Don Kirshner

Maybe the name won't ring a bell for some people, but if you grew up on Long Island, or any one of about a thousand places like Long Island, about 20 30 years ago, Don Kirshner, who died on Monday at age 77, was the preeminent guide to new bands and deeply distressing fashion. His show, "Don Kirshner's Rock Concert,"  was appointment television. Of course, there was nothing on television in the 1970s anyway, so Kirshner's ridiculous but endearing monotone delivery was all we had. But I'll always be indebted to him for letting me know about the existence of Lynryd Skynyrd. David Segal wrote a wonderful profile of Kirshner several years ago, which you can read here. And here is Don Kirshner introducing a pretty awesome Ramones appearance in 1977:

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Jeffrey Goldberg is a national correspondent for The Atlantic and a recipient of the National Magazine Award for Reporting. He is the author of Prisoners: A Story of Friendship and Terror. More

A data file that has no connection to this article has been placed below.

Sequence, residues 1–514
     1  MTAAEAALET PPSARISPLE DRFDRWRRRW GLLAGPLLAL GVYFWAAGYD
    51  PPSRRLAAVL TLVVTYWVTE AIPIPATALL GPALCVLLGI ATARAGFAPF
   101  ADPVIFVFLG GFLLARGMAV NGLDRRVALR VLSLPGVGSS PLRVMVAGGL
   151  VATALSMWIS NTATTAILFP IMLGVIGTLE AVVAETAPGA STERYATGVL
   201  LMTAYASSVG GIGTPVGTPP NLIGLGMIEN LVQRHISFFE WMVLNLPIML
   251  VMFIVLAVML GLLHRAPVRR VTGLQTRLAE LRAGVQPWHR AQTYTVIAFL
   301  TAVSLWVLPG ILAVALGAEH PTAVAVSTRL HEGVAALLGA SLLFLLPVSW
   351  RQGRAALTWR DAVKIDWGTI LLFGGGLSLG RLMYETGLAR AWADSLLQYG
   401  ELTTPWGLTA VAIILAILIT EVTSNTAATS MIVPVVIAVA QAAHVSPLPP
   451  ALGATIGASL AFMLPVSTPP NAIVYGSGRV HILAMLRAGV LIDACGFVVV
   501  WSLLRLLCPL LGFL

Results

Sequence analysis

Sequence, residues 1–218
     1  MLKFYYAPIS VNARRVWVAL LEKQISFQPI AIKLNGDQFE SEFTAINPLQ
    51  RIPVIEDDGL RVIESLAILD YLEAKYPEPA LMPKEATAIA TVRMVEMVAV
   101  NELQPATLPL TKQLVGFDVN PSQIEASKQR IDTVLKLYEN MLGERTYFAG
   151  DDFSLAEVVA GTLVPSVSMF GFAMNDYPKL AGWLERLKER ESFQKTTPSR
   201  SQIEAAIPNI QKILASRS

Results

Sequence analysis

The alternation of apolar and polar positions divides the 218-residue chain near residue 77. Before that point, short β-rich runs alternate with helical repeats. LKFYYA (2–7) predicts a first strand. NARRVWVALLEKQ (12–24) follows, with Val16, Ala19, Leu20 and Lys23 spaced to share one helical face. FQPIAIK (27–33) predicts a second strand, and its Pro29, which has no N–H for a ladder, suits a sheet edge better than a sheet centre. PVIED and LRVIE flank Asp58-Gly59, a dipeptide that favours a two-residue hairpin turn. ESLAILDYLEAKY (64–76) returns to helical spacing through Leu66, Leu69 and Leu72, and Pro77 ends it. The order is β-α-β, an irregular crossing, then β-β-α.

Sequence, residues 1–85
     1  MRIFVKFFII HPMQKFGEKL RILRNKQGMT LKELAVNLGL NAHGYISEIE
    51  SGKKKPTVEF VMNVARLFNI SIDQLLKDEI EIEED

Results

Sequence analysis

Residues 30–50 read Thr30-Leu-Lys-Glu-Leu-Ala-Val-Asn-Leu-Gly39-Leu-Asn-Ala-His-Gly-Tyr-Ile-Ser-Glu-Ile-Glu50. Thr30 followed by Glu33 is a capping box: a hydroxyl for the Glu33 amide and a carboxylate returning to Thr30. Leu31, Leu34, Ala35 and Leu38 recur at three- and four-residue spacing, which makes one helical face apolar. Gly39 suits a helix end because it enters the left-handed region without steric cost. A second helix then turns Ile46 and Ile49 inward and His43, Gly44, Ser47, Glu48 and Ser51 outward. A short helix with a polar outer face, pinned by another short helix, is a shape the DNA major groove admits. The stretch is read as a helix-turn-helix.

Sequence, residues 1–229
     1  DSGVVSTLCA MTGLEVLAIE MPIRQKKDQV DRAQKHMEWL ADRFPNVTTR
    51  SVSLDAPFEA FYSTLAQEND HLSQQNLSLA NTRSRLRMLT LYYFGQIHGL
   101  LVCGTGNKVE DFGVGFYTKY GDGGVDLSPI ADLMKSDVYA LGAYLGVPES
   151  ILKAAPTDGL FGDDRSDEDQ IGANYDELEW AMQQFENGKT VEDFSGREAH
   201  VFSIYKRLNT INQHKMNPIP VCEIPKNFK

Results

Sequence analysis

Before joining The Atlantic in 2007, Goldberg was a Middle East correspondent, and the Washington correspondent, for The New Yorker. He was previouslly a correspondent for The New York Times Magazine and New York magazine. He has also written for the Jewish Daily Forward and was a columnist for The Jerusalem Post.

Goldberg's book Prisoners was hailed as one of the best books of 2006 by the Los Angeles Times, The New York Times, The Washington Post, Slate, The Progressive, Washingtonian magazine, and Playboy. He received the 2003 National Magazine Award for Reporting for his coverage of Islamic terrorism and the 2005 Anti-Defamation League Daniel Pearl Prize. He is also the winner of the International Consortium of Investigative Journalists prize for best international investigative journalist; the Overseas Press Club award for best human-rights reporting; and the Abraham Cahan Prize in Journalism.

In 2001, Goldberg was appointed the Syrkin Fellow in Letters of the Jerusalem Foundation, and in 2002 he became a public-policy scholar at the Woodrow Wilson International Center for Scholars in Washington, D.C.

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